"You have flat feet," said the man at the shoe shop. "Flat as a pancake." He had been analysing my stride, armed with a treadmill and a videocamera. News to me, but he had no reason to lie. He could have sold me any of a million shoes, but he picked out a pair that he said had the cushioning and support I'd need. I left the shop feeling I would forever continue to flog the ground miserably, now with officially flat feet.
A few weeks later The Economist took part in a corporate fun-run in Central Park. I did my usual, workmanlike stuff, 3.5 miles in half an hour. One colleague, Chris, finished in 24 minutes. He was wearing funny things on his feet: those shoes that look like gloves, with a finger for each toe.
I began searching online for "barefoot running". A friend lent me "Born to Run", a book from 2009 by Christopher McDougall, about a tribe of Indians in Mexico's mountains, nearly all of whom run vast distances for fun in thin, homemade sandals. McDougall had also found disparate researchers who disputed the shoe companies' mantra that cushioned is best.
I checked out the work of Daniel Lieberman, an evolutionary biologist at Harvard. His website had slow-mo movies of runners in different footwear with different footfalls. The key, I read, was not the shoes: it was the landing. Most Western runners, in thick trainers, extend their foot well in front of their body, and land on cushioned heels, taking long strides. But African children who own no shoes — like our ancestors—land on their forefoot, directly below the hip, and take shorter, lighter strides. The videos came with animated graphs: even in cushioned trainers, the heel-strikers experienced a sharp spike in the forces going through the leg. The unshod forefoot-strikers' arches flattened slightly, and the forces showed a smooth peak and fall-off. This is how we were born to run.
Studying the Harvard cross-country team, Lieberman found that forefoot-strikers had significantly less repetitive-strain injury. He advocates starting barefoot—literally. On a hard surface, not sand. Yes, on concrete even: it's no harder than the baked African savannah we evolved on. This, he says, forces the best form. You cannot land on your heel; it will hurt.
I did a few barefoot laps around the block. My feet felt wonderful. My steps were so light they almost felt mincing, which made me a little self-conscious. But I wanted to keep going, and going. Which, the barefoot gurus had warned, you should not do. Many converts love it so much that they injure themselves. Even if we were born to run this way, we haven't done so since our parents forced us into shoes, changing our walking as well as our running form. The muscles in the foot and lower leg had barely been used since then. Sure enough, the next day it felt as if I'd done hundreds of calf-raises with weights in the gym. Yet I couldn't wait to run again. I bought some flexible, cushion-free, slipper-like minimal shoes.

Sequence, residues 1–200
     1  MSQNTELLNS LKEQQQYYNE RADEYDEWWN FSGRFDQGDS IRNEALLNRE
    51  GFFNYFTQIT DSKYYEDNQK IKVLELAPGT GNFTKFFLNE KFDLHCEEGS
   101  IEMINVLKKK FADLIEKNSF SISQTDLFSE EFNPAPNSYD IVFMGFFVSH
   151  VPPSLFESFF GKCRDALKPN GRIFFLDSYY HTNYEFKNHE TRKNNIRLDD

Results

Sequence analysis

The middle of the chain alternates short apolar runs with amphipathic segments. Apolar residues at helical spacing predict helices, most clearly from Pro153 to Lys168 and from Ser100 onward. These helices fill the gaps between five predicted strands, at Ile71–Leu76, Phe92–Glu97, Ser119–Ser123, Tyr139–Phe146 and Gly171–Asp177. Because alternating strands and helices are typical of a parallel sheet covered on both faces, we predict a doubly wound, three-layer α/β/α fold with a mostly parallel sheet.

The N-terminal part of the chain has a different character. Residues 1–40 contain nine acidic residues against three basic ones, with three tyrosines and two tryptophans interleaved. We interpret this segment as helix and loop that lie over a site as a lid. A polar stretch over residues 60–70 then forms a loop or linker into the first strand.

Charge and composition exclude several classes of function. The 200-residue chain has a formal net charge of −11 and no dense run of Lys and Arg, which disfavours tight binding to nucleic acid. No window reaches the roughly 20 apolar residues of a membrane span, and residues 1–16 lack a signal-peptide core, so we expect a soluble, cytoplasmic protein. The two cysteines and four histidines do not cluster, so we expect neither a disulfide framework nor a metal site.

I added distance, starting with a quarter-mile, and adding 10% each run. I got faster and tweaked my form with the help of online coaches and videos. The soreness in my calves took weeks to fade, and as it did, the featureless cylinders that had been my lower legs began to sport something resembling muscles. One day, intending to run 3.5 miles (which used to wear me out), I got lost and ran five, loving every step. I asked my doctor: were my feet really flat? "Not at all." My graceless thumping of the treadmill had misled the shoe salesman. Now, my conversion was complete.
After a few months, I ran eight miles in the NYC Barefoot run, a non-race around Governor's Island with no winners, no clock and no set distance. All the barefoot gurus were there: McDougall, in thin leather sandals, ready with a high five. Lieberman, who likes to run around Harvard, was there, truly barefoot. So was Lee Saxby, a British trainer whose online videos have got many barefoot-runners started, wearing stylish minimal shoes by Vivobarefoot.
Many of those I talked to had once hated running. Many felt that city life kept us from living the way our bodies were meant to live. (The run's organiser, John Durant, is known as The Caveman for his meat-heavy "paleo" diet.) Several had stopped listening to music while running, so as to pay more attention to their bodies and their surroundings. Most had rejected GPS trackers and stopwatches. Rather than sweaty, pounding exercise against a timer, they tended to see running as more like meditation on the move.
After a personal high—a solo half-marathon—my form deteriorated as the cold forced me into shoes. Come the spring, I took them off again, and ran barefoot through my neighbourhood. It was glorious: light as could be, just like when I started. I ignored my feet and came home to massive blisters. In the past I'd gone five Brooklyn miles with no shoes, but my calluses had disappeared over the winter. The next day, hobbling, I couldn't wait for the blisters to go away. Not because they hurt, but because I was longing to run again.